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Letter to Friends around the World # 104

Everywhere in the world, men, women, and children show tremendous bravery and resourcefulness to survive in extremely harsh conditions. Do we realize these people who are confronted to the wall of misery, see beyond it, and reflect on the world? Are they credited with the intelligence, the capacity for reflexion, and the knowledge necessary to design projects, policies, and community building initiatives required by the challenges humanity is facing in our times?

Joseph Wresinski never stopped teaching us that people who experience poverty are indispensable partners to think the future. Their contribution is irreplaceable as has been shown by the participatory research project on the “hidden dimensions of poverty”, conducted by ATD Fourth World and the University of Oxford. Their involvement in this research, which  rigorous methodology put them on an equal foot with academics and professionals, was instrumental in drawing out and naming the dimensions of poverty, reaching far beyond the sole issue of financial means. These dimensions are often disregarded by projects and policies aimed at reducing poverty. Because of that, these programs and policies don’t reach their objectives, and fail to support those who are the poorest. Therefore, they push them into deeper poverty and isolate them further.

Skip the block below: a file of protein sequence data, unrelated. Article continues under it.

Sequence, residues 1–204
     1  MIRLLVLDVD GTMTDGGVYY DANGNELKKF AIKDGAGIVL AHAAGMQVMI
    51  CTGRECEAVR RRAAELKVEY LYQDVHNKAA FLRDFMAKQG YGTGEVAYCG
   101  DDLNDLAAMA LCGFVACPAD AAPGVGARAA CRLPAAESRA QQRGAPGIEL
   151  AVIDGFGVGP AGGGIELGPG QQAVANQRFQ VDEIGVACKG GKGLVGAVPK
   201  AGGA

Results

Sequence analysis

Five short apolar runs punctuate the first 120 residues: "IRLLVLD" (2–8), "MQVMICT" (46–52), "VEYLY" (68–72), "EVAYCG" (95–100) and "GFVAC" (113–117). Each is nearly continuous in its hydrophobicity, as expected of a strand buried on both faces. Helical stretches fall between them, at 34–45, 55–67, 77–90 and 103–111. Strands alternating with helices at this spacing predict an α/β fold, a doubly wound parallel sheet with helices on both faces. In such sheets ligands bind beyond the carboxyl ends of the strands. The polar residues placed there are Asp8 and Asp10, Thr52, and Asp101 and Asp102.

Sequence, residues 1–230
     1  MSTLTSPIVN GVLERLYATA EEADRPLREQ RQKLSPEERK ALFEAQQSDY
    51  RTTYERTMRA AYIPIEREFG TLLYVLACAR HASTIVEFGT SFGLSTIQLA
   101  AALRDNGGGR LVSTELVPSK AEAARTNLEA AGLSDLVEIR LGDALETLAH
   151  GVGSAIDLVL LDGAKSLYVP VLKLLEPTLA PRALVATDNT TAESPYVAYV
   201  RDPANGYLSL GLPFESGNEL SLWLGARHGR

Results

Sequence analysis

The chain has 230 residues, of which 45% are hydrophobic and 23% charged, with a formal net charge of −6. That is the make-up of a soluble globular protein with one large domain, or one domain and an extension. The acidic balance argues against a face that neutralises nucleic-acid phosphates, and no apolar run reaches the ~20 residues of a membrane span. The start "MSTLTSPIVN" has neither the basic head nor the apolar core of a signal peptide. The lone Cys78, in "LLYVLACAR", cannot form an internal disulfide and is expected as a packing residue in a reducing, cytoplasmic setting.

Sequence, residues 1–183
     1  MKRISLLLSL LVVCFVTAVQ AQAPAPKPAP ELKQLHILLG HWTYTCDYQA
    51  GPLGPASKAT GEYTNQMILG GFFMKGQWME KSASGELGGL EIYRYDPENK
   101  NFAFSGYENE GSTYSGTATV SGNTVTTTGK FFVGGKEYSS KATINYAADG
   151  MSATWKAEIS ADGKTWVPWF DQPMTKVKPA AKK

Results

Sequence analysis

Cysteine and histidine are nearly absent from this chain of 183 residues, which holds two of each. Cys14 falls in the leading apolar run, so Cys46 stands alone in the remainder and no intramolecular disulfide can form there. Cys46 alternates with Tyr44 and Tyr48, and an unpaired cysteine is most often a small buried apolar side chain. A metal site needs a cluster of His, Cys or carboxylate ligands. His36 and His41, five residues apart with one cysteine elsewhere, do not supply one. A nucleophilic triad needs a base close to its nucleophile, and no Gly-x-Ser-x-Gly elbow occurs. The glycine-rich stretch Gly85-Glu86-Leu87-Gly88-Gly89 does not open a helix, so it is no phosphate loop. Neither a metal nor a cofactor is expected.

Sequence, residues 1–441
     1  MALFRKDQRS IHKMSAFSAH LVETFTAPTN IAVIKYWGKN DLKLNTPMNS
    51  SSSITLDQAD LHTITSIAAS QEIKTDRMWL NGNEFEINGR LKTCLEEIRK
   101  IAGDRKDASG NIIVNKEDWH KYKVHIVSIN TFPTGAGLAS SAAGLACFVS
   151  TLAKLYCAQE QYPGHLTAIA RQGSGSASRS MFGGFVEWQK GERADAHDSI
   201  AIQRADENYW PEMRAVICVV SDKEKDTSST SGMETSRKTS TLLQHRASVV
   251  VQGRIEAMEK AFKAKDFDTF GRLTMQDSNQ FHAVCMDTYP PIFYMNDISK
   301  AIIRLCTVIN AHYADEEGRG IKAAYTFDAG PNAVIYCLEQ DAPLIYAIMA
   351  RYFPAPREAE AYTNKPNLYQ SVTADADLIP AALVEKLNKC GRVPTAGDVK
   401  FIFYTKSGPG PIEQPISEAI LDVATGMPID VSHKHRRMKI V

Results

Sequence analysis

This research put words to a suffering that breaks the bodies, the minds, and the souls of those who are struggling with poverty on a daily basis. It highlights the obstacles to the eradication of poverty and underlines a paradox: those who are living in poverty keep on fighting, but their exclusion keeps their resistance, their struggle walled-in, and prevents them from achieving the real changes they want for their children and the generations to come. This haunts them days and nights. “Will our children profit from the fruits of our endeavours, or will they experience the same poverty as we do?” --- a mother from the Democratic Republic of Congo once asked me.

To put an end to this fundamental injustice we must learn to look at poverty in all its dimension, and to think and act with those who experience it. And so, we will be able to face with them the challenge of their life: overcome extreme poverty for themselves and for all mankind.

Isabelle Pypaert Perrin,
Director General of the International Movement ATD Fourth World